Biologists and experts from Michigan Department of Natural Resources and United States Fish and Wildlife Service discussed the state of the Great Lakes fisheries Thursday evening at Metropolitan Beach.
Nearly 100 citizens, many of whom are avid anglers, attended the event hoping to get a glimpse into the state of fisheries' program in the Great Lakes region. They also sought an update on several invasive aquatic species that threaten the waterways.
"A critical component of the health of the water is how well these fisheries are doing," Congresswoman Candice Miller said.
Chesterfield resident Colby English, 29, is an avid angler on Lake St. Clair, which he thinks has changed in the last decade. The panel of experts agreed.
"The ecology of Lake St. Clair has changed dramatically," MDNR Lake Huron Basin Commission Todd Grischke said. "It's very different than what it was, very different."
Invasive species such as zebra mussels have much to do with this, Grischke said. And, despite efforts to control these invasive species, it's an uphill, ongoing battle.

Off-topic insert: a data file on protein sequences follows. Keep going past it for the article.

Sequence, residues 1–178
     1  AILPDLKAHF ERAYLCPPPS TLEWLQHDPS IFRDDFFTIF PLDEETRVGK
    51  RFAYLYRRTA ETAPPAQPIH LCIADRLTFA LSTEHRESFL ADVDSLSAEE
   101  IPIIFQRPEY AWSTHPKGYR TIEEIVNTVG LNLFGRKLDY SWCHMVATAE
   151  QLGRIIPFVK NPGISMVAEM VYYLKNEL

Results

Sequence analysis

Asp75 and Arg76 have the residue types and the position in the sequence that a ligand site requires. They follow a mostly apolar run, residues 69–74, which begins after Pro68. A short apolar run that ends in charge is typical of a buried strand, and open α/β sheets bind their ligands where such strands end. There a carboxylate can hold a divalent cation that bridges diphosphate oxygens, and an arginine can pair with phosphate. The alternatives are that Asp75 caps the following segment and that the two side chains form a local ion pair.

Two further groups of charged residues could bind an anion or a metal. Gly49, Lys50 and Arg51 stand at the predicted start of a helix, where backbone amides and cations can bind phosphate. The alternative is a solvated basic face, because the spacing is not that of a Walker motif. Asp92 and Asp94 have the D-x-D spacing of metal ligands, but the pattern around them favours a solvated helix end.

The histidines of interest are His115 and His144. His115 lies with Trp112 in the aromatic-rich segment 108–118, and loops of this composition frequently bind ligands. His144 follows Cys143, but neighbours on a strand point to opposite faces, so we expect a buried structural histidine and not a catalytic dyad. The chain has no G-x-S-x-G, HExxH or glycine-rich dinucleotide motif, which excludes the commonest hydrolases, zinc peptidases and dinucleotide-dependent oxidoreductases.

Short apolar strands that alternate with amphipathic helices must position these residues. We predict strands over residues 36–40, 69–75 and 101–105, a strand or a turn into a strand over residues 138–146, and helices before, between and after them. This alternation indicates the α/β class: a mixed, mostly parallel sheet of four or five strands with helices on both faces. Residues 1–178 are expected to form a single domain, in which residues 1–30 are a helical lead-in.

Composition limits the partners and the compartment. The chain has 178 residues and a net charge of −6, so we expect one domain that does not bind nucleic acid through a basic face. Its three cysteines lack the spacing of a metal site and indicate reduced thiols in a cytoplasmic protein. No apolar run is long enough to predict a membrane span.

"Once these invasive species are there, you're never done trying to control them," Grischke said. "That's why you don't even want that next invasive species in at all."
In Lake St. Clair, for example, the result of the zebra mussel species introduction is a clearer lake, making it difficult for fish such as Walleye to thrive.
Conversely, experts told the crowd, species such as Largemouth Bass, Perch and Muskie are doing well.
Programs such as mass marking (tagging fish), stocking and population assessments help the Michigan DNR and U.S Fish and Wildlife officials assess the state of the fisheries.
"We're learning from the positive things and the negative things," U.S Fish and Wildlife Service biologist Jim Boase said.
Port Huron angler Donald Krawczyk, 77, said the meeting was worth the trip.
"These things are real informative for everybody," Krawczyk said. "It's nice to know that they're on top of things so that my grandchildren's kids can enjoy fishing the Great Lakes."